Analysts of the Swedish-owned bank have calculated the Retirement Readiness Indicator in the Baltic states for the first time. The survey revealed that 69 percent of people in Lithuania have never taken interest in the size of their future pension and how it is accumulated.
Julita Varanauskienė, household finance economist at SEB Lithuania, says people are aware that they cannot rely only on the pensions paid by the state, they wish to lead a dignified life after retirement, but delay taking any concrete actions until they are old.
Lithuanians would like their pensions to be 78 percent of their working wage. According to the economist, such expectations are out of tune with reality by 1.7 times.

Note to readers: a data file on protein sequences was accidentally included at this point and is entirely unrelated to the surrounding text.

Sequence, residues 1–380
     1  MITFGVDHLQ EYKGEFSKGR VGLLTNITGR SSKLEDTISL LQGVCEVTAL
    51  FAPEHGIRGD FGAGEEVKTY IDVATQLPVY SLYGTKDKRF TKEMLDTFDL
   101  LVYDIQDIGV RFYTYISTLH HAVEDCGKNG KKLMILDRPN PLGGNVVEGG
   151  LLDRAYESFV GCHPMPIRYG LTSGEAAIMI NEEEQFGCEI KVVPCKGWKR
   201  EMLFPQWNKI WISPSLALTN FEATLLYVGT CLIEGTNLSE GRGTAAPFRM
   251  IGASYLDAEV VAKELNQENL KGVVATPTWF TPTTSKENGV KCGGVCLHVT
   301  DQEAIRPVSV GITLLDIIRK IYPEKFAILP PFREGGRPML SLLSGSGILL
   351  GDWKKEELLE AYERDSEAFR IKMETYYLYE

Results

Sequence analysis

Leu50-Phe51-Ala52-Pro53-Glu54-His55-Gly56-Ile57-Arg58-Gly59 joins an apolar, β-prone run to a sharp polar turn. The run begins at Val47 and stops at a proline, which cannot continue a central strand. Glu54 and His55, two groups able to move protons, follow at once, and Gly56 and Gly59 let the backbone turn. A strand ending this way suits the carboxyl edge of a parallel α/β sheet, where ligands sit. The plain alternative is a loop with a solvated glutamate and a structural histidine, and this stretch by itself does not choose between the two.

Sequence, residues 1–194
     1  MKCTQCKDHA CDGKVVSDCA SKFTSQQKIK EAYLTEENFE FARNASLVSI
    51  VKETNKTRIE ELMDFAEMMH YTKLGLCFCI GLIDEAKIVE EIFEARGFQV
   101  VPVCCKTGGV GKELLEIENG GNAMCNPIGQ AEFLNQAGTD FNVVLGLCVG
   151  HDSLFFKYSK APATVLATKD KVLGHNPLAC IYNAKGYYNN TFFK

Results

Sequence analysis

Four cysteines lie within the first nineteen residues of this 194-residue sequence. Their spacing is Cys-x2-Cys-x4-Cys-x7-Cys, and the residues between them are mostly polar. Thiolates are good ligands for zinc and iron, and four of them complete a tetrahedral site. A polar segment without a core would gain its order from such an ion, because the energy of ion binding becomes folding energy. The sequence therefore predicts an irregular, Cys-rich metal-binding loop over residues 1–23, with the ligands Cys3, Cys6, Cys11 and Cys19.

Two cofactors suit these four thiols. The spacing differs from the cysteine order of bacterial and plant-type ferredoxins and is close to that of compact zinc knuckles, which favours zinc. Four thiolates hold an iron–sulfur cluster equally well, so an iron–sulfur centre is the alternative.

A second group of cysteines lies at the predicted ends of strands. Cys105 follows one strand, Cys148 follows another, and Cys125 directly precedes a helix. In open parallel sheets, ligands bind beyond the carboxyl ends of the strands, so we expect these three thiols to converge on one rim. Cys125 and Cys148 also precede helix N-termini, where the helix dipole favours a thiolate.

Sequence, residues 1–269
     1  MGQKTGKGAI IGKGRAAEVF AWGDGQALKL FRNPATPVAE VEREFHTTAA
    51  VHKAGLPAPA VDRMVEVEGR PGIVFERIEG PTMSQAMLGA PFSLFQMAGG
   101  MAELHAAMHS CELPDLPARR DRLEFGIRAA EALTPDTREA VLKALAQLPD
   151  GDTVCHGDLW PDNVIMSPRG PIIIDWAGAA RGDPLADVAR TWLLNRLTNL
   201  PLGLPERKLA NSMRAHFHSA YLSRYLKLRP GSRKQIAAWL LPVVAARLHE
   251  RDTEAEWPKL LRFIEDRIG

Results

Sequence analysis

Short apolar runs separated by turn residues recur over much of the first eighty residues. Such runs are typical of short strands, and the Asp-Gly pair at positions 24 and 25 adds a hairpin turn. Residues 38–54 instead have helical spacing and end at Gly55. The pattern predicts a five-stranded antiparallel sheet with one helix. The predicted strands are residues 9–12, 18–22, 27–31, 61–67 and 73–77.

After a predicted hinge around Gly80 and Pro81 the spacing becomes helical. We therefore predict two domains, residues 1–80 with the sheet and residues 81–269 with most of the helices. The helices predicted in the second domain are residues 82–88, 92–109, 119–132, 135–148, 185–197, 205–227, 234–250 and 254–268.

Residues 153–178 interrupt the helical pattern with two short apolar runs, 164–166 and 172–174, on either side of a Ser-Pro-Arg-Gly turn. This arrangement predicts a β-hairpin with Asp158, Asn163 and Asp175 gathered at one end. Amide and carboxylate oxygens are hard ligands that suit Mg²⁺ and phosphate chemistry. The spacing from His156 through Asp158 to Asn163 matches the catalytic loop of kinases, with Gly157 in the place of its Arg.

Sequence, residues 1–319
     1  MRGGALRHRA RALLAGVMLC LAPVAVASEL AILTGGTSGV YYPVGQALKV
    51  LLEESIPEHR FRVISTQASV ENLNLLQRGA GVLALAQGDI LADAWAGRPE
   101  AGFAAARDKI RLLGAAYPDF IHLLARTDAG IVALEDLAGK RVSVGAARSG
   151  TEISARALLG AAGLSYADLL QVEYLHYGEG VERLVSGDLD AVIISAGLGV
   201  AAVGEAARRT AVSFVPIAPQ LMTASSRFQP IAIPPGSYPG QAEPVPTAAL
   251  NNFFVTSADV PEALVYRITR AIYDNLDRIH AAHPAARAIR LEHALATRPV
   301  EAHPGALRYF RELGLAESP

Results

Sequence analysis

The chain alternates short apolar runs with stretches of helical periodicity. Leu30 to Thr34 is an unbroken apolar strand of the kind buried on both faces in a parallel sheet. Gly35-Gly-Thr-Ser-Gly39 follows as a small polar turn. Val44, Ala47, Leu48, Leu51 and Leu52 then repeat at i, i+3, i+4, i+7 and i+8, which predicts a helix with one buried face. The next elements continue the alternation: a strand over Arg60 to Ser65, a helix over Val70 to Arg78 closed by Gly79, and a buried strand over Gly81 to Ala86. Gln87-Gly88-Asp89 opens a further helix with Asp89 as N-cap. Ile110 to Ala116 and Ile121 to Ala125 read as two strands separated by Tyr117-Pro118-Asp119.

“Last year, the average old-age pension amounted to approximately 45 percent of the average salary. Thus Lithuanians know that their income will decrease after retirement, but are unaware by how much. On the other hand, expectations in Lithuania are much more realistic than in neighbouring Latvia and Estonia, where people wish pensions to be up to 93 and 97 percent respectively of their present salaries,” the analyst said.
Lithuanians hope to accumulate a pension of up to 69 percent of the current salary in the State Social Insurance Fund (Sodra) and secondary pension funds. In addition to this, they expect to have additional income. Sixty-one percent of Lithuanians admit that they are not making any contributions to a pension fund besides Sodra and second-pillar pension funds, while 20 percent do not even plan to save up additionally. The main reason behind this is said to be shortage of disposable income that could be saved up.
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